2018-12-27

Album Review: Derek Sherinian - "Blood of the Snake"

Image courtesy Wikipedia.org


Derek Sherinian's fifth "solo" album, Blood of the Snake, is an interesting foray into keyboard-driven metal that is progressive without actually being Progressive.

For those of us who became Derek Sherinian fans by way of his work with Dream Theater and Platypus, the album is almost straight-forward to a fault. After the crushing 5/4 timed album-opener "Czar of Steel," the album veers into classic metal territory, featuring heavy metal mainstay players like Zakk Wylde and Brian Tichy. They're great players, to be sure, but not musicians you can expect much progressive rock from.

Indeed, the album's second track, "Man With No Name" is a vocal track, sung by Wylde, and almost sounds like a demo intended for submission to Ozzy Osborne. This fact is doubly underscored by the fact that Wylde appears to be doing an actual impersonation of Ozzy's voice. It's a bizarre thing, the Ozzy impersonation, because first of all I've heard Zakk Wylde's real voice, and he sounds nothing like Ozzy. Second of all, while there is surely significant overlap among Sherinian fans and Ozzy fans, I never would have expected to hear an Ozzy song on what I expected to be a prog-metal album.

From there, the album moves into fusion territory, with a swinging sax-driven tune co-written by Simon Phillips, who also plays drums on the track. It's a good piece in its own right, but doesn't exactly flow in its place on the album, sandwiched between on ostensibly Ozzy tune and a slow, plodding classic rock type number, "Been Here Before." At least this latter piece feels more like what we'd expect from a prog-rock keyboard player, and almost evokes Steve Winwood in some places.

By the time the album's title track comes along, with its 6/8 metal beat and its guest appearance by none other than Yngwie Malmsteen, it becomes clear to the listener that the album was intended to be more of a heavy metal album than previous, more fusiony, more proggy Sherinian releases. Ditto for its twin, "The Monsoon," which starts out with a pleasant Indian influence, before going back into that same 6/8 Tichy/Malmsteen shuffle. But if heavy metal is the name of the game here, why is there so much saxophone on the record? Why so much Simon Phillips?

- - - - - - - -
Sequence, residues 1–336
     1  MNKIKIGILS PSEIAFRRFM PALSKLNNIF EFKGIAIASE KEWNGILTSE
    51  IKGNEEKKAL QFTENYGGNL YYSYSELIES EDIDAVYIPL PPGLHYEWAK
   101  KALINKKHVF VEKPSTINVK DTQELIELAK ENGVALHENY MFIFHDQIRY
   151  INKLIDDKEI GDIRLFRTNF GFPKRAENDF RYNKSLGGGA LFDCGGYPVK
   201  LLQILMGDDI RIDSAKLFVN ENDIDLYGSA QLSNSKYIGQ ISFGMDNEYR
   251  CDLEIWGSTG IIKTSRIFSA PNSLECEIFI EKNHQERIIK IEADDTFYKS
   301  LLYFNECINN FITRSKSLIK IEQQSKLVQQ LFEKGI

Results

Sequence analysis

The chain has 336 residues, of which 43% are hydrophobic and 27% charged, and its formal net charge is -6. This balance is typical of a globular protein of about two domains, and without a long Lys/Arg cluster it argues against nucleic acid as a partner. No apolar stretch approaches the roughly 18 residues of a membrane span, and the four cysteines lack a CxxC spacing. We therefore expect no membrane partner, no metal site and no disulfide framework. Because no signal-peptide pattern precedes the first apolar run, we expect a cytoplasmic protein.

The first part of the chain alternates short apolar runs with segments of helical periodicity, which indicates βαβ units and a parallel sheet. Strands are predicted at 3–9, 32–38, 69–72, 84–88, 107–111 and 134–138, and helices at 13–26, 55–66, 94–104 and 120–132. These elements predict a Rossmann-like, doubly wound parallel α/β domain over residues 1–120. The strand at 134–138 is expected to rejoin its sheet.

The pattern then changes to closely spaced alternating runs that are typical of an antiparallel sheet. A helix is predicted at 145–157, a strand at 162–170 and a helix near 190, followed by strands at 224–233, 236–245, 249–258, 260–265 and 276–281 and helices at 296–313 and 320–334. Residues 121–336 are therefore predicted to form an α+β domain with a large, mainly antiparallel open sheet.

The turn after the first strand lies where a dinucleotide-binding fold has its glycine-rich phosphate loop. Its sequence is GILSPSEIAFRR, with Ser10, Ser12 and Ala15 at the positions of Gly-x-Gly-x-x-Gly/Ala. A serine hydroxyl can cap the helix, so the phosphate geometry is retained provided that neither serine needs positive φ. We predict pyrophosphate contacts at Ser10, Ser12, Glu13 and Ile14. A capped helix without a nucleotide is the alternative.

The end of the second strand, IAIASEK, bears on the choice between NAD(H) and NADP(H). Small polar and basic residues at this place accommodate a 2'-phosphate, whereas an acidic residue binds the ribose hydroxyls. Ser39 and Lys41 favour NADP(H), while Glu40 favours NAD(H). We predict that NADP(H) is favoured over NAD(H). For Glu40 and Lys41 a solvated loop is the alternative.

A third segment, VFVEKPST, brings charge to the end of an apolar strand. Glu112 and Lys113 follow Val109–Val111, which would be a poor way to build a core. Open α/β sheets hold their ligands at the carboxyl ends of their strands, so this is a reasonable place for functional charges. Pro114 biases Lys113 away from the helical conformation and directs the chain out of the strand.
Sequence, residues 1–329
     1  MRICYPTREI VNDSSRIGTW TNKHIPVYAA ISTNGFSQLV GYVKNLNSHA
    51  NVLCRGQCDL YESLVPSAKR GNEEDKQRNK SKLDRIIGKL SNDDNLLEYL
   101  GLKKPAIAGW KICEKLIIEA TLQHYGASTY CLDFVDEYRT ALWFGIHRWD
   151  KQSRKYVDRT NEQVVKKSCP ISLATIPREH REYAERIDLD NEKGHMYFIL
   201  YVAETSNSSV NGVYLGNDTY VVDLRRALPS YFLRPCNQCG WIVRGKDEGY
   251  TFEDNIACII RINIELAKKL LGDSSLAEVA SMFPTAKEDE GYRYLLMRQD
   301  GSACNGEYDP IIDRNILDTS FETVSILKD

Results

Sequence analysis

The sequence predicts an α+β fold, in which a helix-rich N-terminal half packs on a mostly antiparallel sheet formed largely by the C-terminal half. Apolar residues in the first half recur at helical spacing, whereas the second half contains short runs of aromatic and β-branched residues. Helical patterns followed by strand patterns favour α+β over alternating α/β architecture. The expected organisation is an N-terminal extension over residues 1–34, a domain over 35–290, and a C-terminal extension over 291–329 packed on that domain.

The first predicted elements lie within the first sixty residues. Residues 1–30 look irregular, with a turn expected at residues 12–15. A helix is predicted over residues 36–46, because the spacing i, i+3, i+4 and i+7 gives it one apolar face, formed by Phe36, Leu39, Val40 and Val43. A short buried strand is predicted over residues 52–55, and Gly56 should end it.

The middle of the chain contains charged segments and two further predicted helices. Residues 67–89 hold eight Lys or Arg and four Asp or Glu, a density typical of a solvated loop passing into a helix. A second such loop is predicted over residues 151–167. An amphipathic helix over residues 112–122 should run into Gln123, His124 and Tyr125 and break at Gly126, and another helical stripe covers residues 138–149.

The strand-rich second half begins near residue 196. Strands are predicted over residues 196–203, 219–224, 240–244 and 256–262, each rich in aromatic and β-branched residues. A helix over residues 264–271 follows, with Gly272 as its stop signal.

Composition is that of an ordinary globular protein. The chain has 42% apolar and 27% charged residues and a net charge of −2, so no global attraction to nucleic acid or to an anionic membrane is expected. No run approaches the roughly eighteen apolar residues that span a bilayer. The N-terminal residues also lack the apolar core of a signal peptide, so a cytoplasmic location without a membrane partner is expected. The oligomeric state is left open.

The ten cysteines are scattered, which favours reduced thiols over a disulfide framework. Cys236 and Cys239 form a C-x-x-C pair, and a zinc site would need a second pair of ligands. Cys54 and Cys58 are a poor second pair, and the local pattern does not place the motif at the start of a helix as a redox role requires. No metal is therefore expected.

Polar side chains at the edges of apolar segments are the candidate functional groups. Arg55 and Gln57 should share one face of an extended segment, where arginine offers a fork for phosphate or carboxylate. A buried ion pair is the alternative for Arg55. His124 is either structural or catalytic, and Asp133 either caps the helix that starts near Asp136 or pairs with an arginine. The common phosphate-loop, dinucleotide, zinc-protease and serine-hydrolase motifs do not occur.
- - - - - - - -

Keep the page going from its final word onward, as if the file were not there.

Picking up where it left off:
It's a confusing record. My general impression of this album is that, despite a couple of strong tracks, it is somewhat of a confused album. It's unclear to me what the album is supposed to "be," beyond a collection of tracks Sherinian had lying around from his various collaborations with other artists. There are standout solos and performances, but the album doesn't resonate as a comprehensive whole. Maybe that doesn't matter, though. Maybe this is just an album for people who generally like heavy metal and instrumental music and don't want to get bogged-down by artistic statements.

It shouldn't be surprising that a progressive rock fan like myself would like the most progressive-leaning songs on the album best. I mentioned the album opener, "Czar of Steel" above. The haunting, Eastern-influenced "Prelude to Battle" is another excellent track. Between the two of them, we see what the album truly could have been.

But, no matter. The album is what it is. Over twelve years old at the time of this writing, I still find occasion to go back to this record from time to time, which is much more than I can say for a number of records in my collection. I rate this a solid three stars out of five.